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Hear the train a comin'

Rising gasoline prices drive commuters to ride the rails
By: Michael Althouse, The Placer Herald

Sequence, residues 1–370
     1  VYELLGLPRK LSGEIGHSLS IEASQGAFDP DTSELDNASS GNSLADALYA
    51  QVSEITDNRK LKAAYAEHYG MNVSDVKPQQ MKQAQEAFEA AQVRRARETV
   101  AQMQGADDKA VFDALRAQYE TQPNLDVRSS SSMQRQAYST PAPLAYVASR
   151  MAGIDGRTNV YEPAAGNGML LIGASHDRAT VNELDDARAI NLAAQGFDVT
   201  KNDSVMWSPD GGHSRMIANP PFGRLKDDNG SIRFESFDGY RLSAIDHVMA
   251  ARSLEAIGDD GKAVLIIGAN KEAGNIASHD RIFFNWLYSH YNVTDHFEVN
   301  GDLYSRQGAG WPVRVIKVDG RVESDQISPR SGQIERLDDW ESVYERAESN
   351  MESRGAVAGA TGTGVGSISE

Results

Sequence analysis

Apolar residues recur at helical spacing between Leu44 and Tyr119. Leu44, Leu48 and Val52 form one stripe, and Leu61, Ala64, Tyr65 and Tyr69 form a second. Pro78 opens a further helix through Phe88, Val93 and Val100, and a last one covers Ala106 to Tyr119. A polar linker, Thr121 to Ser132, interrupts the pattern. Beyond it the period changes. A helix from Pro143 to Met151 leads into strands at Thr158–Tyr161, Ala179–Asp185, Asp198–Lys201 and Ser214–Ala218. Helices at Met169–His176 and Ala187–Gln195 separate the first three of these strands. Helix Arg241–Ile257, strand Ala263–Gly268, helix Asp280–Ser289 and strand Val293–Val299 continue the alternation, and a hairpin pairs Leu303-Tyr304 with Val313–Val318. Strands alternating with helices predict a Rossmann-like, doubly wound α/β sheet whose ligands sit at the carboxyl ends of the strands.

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At $122 for a monthly pass, some commuters who use the train say they would spend more than twice as much by driving to and parking in Sacramento. Never mind the wear and tear on car and driver. Rocklin resident Dan Diroll works for the state and has been taking the train for about six years. In addition to the money he saves in gas and parking, he also saves time. It takes 45 minutes to an hour to drive, he said. The train takes about 30 minutes to go from Rocklin to Sacramento. They have WiFi (Internet access) on the train, clean bathrooms and there are no problems with parking, he said. Another state employee and Rocklin resident, Geoff McLennan, points out that taking the train is also environmentally friendly. We're just polluting less. We're also doing a great service for the rest of the traffic, he said. In addition to the reduction in stress, the Internet access and saving money, McLennan says there is a community that is formed by those riding together. It's great for social activities, he said. We had a St. Patrick's Day party (on the train) last Friday with a live band. Both McLennan and Diroll say that the train has become noticeably more crowded since gas prices have escalated. Although not all commuters believe there is as much savings over driving, other benefits to riding the rails are just as important. At least one Rocklin resident, Colin Heran, incorporates the 20-block walk from the train station in Sacramento as part of his exercise regimen. Heran has noticed that the train is definitely getting more crowded with the increase in the price of gas. It's not a huge savings, he said, but the train is relaxing. Amtrak Spokesperson Vernae Graham said it is too soon to tell if gas prices are responsible for the current surge in ridership on the Capitol Corridor route. We did see it about a year and a half ago, Graham said. If we do see a significant increase, we'll add a car. Ty Johnson, who has lived in Rocklin for four years, said the train started to get more crowded about six months ago. He also noted that the reliability has gotten a lot better. Rocklin City Councilmember Kathy Lund, who is also a member of the Placer County Transportation Planning Agency, has noticed an increase in the number of cars parked in the parking lot. I think it does have something to do with the price of gas, Lund said. I was surprised, she said. It takes a lot to get people out of their cars. Although the city has future plans to build a parking lot at the train station, no construction is scheduled yet. I'm concerned about the state budget and how that's going to affect us, Lund said. Councilmember Peter Hill also represents Rocklin's interests in the Sacramento Area Council of Governments (SACOG). According to its web site, SACOG provides transportation planning and funding for the region, and serves as a forum for the study and resolution of regional issues. We think it's positive to have more commuters on the rails, Hill said adding, I'm afraid if the price of gas goes down, people will start driving again.